Gielgud-Rattigan’s 1935 adaptation—premièring now but for a 1950 BBC radio play, is a fantastic idea. Dickens wrote London like a lover, and drama with such an astonishingly firm grasp on its visual quality, on the play of emotional high lights and shadows, on characters that double as opulent scenery, provide rhythmic, audible themes, and pop up as physical motifs, that he invented—or for all posterity laid claim to—a wildly popular literary cinematic genre. A Tale of Two Cities is, in comparison with his other books, sparsely peopled, sparely subplotted, but those are relative terms. Almost as a matter of (democratic) principle, Dickens’s narrative sprawls. In Speadbury-Maher’s production thirty characters are played by eight actors.
Then there’s a matter 32 years and two cities trans-Channel cities. Within the confines of a sometime boxing-rink / pool-room above the King’s Head Pub (which traces its history back to a rumoured pit stop made by Henry VIII en route to an assignation), and with the limited budget of its unsubsidised TheatreUpClose, a full-scale sort of adaptation would be impossible.
And finally, Dickens’s characterisations. A very urgent point, if one’s not going to stage the storming of the Bastille or London’s ‘best of times-worst of times’. His comedic caricatures are unforgettable, but his virtuous protagonists usually leave much to be desired. So in a stage adaptation ofTale what could any actor do with such an abject cipher as Charles Darnay?
The answer, it seems, is a prudent nothing. Paul Beech sidles along a make-believe ledge as the French wine-shop-keeper Defarge with Dickensian exaggeration, then proceeds with a competent impression of youthful yet apparently effortless righteous renunciation of privilege as Darnay. But the Gielgud-Rattigan adaptation grants him less scope to explore the motives and passions of a Republic Citizen, or of an exiled, left-leaning aristocrat than even Dickens did. The production gallops at a break-neck, breathless pace; if Beech attempted any more than enunciation he’d probably set the entire efficient machine ajangle.
A far more egregious, unkind cut dethrones Madame Defarge. Played by the magnificently versatile Shelley Lang (also an unctuous Stryver, a nasty little Bow Street runner, an aged clerk, etc.), she’s much too crowded visually, her muteness barely registers amidst the surrounding clatter; there’s nothing larger than life, truly sinister, about her. Dickens’s Madame, with her cold bloodlust, her implacable hatred, with her uncanny, repulsive otherness, is revealed as a classic, symbolic oppressed oppressor whom we are challenged (and dared) to empathise with. Lang’s Madame is speechless without being Silence; angry without being Fury, dressed in black without being a many-eyed Night.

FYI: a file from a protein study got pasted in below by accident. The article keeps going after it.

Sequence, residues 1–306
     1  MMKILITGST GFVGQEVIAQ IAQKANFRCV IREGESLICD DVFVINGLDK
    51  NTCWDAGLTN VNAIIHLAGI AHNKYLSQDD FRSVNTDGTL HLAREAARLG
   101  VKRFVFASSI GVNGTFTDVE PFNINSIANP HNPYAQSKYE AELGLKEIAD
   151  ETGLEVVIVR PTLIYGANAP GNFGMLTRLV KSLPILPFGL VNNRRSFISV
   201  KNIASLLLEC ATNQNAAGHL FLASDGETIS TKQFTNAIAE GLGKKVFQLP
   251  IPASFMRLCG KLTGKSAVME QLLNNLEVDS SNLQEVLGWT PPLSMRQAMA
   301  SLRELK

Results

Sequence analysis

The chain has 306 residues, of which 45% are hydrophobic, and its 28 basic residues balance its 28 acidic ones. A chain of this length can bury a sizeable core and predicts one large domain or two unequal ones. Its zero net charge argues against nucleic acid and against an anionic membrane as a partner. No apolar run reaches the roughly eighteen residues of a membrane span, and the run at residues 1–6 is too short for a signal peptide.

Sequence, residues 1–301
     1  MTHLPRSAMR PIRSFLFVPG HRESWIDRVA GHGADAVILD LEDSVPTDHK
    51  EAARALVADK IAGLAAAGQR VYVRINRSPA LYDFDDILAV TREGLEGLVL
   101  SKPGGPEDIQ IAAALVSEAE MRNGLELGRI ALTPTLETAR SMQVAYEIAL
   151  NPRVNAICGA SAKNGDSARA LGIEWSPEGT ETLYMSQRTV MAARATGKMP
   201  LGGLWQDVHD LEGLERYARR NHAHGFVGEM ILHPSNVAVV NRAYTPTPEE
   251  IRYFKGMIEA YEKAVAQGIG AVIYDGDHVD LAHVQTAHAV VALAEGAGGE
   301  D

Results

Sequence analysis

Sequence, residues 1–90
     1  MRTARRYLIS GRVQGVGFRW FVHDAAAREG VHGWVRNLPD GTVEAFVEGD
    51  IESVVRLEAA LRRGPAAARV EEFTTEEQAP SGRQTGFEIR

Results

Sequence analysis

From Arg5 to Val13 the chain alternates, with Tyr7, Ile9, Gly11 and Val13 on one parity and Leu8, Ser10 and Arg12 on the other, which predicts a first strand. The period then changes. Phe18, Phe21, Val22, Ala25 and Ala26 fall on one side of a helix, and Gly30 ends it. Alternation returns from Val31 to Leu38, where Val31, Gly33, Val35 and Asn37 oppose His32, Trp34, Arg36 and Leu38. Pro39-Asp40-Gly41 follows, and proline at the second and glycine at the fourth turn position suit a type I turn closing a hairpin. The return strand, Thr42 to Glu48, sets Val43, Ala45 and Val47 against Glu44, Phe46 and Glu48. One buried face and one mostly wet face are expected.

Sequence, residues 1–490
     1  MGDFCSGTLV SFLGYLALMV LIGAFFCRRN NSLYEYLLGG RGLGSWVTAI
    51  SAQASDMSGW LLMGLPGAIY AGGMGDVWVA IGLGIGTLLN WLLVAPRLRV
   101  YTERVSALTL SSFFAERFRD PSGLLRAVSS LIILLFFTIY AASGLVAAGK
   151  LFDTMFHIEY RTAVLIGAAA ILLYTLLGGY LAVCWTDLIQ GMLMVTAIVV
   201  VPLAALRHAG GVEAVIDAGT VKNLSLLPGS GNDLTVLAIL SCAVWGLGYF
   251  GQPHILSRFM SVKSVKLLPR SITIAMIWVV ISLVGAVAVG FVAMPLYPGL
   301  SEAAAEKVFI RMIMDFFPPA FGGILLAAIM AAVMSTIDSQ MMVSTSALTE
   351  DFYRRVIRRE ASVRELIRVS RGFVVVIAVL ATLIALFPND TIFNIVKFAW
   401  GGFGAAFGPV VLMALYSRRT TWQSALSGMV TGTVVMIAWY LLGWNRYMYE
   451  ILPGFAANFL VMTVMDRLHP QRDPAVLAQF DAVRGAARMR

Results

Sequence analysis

At the other end of the spectrum: Jennie Gruner’s Lucie Mannett, deprived not of symbolic force but of individuality. Her helpless agony in the face of her father’s 18-year imprisonment is reduced to a lukewarm reunion scene. The loss of her child (which Dickens too glosses over, but what a character could be made of such material!) is cancelled out. She becomes the object of masculine affections in a way her original creator actually never managed to perfect in his Tale.
The Gielgud-Rattigan adaptation’s a pot-boiler. We surf crashing and falling waves of emotion, but have neither time nor incentive to examine our responses. The frequent and numerous iterations of English superiority over French [insert noun of choice: cities, women, patriotism, civilisation] for instance, were amazingly amusing to the audience at the King’s Head on the 27th. Despite our usual complacent claims to cultural sensitivity the issue of xenophobia never had a moment to ripple outward from the stage and linger in the dark corners of the theatrical space.
Christopher Hone’s set and Jonathan Lipman’s costumes belie the creative team’s claims that this mod production’s set in East London: there’s a condensed, tight-laced opulence about Lipman’s velvet and silk, the lowering blue-green-yellow-red LED-lit lowering clouds of crêpe overhead, the gleaming stools that become coaches, the seemingly custom-made doll’s house inn-table and plentiful wine sloshing about, but this Tale could be happening anywhere.
Given the history of its adaptation, surely this production was meant to showcase Gielgud’s famous voice like “a silver trumpet muffled in silk” which “wooed the world,” in the twin roles of the Marquis de St Evremonde and Sydney carton. And here one can offer unqualified congratulations: Stephen Agnew is excellent. Unspeakably salacious as the Marquis; an absolute credit to the variously modulated expressive glibnesses, ironical, cool, impulsive, intelligent, foolish, sincere, faithful, perpetually false, of Carton.
The play would be well worth a watch just for this performance.